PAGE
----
read in Romans 2:13, "it is those who obey the law who will be declared righteous." It’s telling
us that sanctified Christians - Christians who possess good works - will be on the Day of
Judgment, which is the contextual identification or venue of these verses. If you’ll look at verse
sixteen which says, "on that day" when Jesus Christ will judge. What day could that be other
than the great Day of Judgment? It’s surely not the day of a person’s conversion. It’s the Day of
Final Judgment and on that day, those who obey the law will be declared righteous, "according to
what they have done in the body," as another passage puts it.
[End of Tape 2, side one]
[Start of Tape 2, side two]
.... righteousness, and impute that to them - only then
at the last day, to say, well, actually, that
wasn’t quite good enough. And I’m sure glad that some of you folks have done some good
works. So I guess I have to let you in Heaven. Come on, now! What this passage is saying is
there is a class of law-keepers. And there is a class of people who will be acquitted on that Day
of Judgment. And there are going to be people who belong to both classes.
If you ask the question, can they have kept that law perfectly?
Did they make it in this life?
Well, the Bible has something to say about that and what the Bible says is to that, no. But they’re
started. There is a seed of righteousness, a seed of obedience that is in them, that is why John
writes, "He that is born of God does not sin." He does not mean, does not sin a lot, as some
versions incorrectly translate it. He means that God starts something in those whom he
regenerates that will not down and it will persist. And that’s why Paul says, I don’t want to sin -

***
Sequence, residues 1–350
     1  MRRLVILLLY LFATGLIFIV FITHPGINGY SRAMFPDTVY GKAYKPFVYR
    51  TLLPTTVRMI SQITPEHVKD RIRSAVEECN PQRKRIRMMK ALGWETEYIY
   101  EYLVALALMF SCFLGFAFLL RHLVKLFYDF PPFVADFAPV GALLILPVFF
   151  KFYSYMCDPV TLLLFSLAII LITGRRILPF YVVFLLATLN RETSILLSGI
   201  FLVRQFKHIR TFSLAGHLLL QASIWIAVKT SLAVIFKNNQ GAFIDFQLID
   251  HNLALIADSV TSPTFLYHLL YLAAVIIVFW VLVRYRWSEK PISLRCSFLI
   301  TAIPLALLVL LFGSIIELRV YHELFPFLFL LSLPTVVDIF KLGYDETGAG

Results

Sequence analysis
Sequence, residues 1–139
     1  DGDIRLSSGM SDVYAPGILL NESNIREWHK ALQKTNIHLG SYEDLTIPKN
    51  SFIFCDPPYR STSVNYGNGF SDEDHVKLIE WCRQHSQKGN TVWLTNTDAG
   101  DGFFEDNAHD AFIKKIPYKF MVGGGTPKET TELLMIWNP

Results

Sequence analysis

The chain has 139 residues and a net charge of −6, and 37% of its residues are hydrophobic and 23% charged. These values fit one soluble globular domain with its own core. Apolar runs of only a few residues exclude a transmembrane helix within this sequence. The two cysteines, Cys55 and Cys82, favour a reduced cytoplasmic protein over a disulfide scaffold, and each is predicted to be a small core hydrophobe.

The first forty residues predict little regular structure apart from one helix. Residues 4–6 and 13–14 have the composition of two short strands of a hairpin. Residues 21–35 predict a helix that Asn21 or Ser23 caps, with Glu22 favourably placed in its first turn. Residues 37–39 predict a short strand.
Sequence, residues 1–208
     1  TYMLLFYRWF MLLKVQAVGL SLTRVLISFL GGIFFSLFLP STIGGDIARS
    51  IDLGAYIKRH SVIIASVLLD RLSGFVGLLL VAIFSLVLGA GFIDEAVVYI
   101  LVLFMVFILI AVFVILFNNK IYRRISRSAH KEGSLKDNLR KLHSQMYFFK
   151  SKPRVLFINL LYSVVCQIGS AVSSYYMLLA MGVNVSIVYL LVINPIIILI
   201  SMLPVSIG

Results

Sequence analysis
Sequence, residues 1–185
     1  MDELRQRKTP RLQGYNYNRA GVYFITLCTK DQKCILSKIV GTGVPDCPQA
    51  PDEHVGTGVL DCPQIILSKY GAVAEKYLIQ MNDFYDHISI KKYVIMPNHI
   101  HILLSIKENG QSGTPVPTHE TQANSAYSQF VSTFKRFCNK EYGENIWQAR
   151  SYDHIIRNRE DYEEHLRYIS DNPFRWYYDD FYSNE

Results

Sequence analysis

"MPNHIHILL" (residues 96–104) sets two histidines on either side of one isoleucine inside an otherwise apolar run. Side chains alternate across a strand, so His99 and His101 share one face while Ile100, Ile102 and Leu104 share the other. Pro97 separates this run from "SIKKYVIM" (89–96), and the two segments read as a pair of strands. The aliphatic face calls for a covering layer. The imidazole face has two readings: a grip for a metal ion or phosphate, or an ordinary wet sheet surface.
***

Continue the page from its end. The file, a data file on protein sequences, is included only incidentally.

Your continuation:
that’s because of that seed, but I do. And God says, hang in there. I’m going to get you there.
Not before your death, or not before the coming of Christ, but I’m going to get you there.
And when He gets us there on that Day of Judgment, He’s
going to say, I see the seed and I see
the beginnings. Yes, they’re imperfect. They’re like the little girl who writes, who makes a
picture of her dad. She says, "Dad, I drew a picture for you." And it looks for all the world like a
sweet potato with toothpicks sticking out of it. But Dad says, "Sweetheart, that’s beautiful and I
accept it. It’s good. You’ve worked well. And I thank you for the most beautiful picture I’ve
ever seen." That’s what God is going to do on that Day of Judgment! And that’s what this man
is concerned to protect. God’s way.
How much time do we have left, Mr. ...?
Winward: Twenty minutes, if you ...
TT: Twenty minutes. How much time would you like to have, John? How much time? We
JK: I would prefer to be put on the witness stand.
TT: O.K. I’ll just continue then. Thank you. I apologize if that was out of order for me to
Third paragraph. [Mr. Kuschke’s paper.]
" Elder Kinnaird has suggested two reasons why the
imputed righteousness of Christ
cannot suffice. The first is that sanctification is also given us and that obedience wrought
by sanctification does provide the real and personal righteousness and holiness required.
We reply that even our best sanctification and obedience in this life cannot suffice for that
purpose as we will show later."
We agree. That only the imputed righteousness of Christ
alone and only and all together can
suffice for that righteousness we need by which we are justified. Period. Full stop.
But at the same time, when John talks about the believer
not sinning, he’s not talking about
Christ’s imputed righteousness. He’s talking about the sinner. He’s talking about the believer.
And when the New Testament speaks about us being conformed to the image of Christ, it’s not